Fee size has big savings impact.

 
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Byline: Paul Clitheroe

AN ANNUAL investment fee of 1.5 per cent sounds small but it can carry a big punch.

Over the past 30 years, for instance, Aussie shares have delivered returns averaging 9.2 per cent annually. If you'd invested $100,000 at the start of that period in a managed fund (like your super) with an annual fee of 1.5 per cent, you'd now have $896,508.

It sounds impressive, right? However, if you had invested that same $100,000 in a fund with annual fees of just 0.5 per cent, your investment would be worth $1,207, 807. That's an extra $311,000 going straight into your pocket just because of lower fees.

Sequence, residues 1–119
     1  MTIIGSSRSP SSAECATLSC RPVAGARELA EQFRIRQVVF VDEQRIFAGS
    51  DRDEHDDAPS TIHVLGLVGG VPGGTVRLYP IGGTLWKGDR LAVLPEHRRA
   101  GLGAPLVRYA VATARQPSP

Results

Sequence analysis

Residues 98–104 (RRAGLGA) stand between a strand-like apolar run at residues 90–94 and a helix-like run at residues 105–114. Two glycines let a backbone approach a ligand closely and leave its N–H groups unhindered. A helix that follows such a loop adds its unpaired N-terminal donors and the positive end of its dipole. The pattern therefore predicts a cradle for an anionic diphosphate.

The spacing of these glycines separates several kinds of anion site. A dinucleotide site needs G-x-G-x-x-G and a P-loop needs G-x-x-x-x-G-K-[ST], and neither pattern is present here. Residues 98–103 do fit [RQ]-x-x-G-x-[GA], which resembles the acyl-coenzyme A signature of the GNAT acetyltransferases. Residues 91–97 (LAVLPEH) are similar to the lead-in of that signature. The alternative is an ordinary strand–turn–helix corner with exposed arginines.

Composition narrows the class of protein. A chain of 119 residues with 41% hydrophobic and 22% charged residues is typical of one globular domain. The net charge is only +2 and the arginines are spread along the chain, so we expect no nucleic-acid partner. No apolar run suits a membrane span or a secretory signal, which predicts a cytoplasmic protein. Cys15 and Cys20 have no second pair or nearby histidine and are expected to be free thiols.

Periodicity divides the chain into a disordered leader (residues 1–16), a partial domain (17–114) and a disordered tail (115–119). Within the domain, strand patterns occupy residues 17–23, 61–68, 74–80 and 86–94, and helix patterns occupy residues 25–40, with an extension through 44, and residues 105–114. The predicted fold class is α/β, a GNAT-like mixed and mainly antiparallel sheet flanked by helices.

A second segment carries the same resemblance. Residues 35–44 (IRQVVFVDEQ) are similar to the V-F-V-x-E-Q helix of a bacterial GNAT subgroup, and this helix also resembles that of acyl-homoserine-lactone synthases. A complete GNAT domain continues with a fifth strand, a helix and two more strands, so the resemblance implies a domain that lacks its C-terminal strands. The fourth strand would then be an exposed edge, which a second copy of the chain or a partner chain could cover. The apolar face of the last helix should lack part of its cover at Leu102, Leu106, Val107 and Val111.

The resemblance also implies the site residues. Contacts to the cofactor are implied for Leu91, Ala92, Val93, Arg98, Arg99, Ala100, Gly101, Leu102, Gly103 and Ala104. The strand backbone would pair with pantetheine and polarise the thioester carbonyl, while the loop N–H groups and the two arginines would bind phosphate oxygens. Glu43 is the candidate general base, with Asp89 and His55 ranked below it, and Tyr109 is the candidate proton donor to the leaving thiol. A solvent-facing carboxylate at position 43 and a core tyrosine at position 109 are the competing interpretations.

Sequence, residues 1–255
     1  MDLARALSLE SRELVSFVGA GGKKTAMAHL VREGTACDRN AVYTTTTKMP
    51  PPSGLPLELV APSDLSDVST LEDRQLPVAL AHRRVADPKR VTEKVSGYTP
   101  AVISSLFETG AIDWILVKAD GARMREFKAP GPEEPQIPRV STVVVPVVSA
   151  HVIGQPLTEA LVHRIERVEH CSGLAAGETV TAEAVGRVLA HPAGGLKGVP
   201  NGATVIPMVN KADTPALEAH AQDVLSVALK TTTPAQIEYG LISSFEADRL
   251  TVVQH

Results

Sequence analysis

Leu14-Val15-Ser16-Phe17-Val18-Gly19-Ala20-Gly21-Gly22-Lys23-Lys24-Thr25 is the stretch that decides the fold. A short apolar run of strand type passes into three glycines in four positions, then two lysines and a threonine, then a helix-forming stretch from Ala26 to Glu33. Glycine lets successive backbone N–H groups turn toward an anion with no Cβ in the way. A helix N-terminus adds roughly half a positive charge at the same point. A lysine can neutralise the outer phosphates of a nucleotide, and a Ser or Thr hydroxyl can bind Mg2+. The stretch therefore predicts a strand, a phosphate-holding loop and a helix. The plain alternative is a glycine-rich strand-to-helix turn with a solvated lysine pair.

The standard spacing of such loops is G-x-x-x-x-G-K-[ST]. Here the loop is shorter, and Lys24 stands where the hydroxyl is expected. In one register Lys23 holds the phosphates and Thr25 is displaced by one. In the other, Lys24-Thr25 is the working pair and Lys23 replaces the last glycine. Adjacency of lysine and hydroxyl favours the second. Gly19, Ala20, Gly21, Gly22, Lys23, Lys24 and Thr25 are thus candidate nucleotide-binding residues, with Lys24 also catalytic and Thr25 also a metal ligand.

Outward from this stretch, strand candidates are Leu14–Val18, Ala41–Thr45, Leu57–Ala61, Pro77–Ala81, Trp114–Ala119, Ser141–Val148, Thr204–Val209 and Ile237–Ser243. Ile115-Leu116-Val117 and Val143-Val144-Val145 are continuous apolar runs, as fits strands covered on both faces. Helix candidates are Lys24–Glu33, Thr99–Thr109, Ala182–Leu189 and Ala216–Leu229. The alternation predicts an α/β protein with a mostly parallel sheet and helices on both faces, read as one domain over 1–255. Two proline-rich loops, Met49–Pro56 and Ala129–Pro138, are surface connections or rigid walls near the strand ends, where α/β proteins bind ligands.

It goes to show that it makes better sense to forget about out-performance and concentrate on what you can control - paying the lowest total percentage fee possible.

There are three easy ways to do this.

Fold multiple super accounts into a single account

Most super funds charge a fixed annual administration fee, so having more than one fund means doubling up on this fee. Consolidate your accounts and get all...

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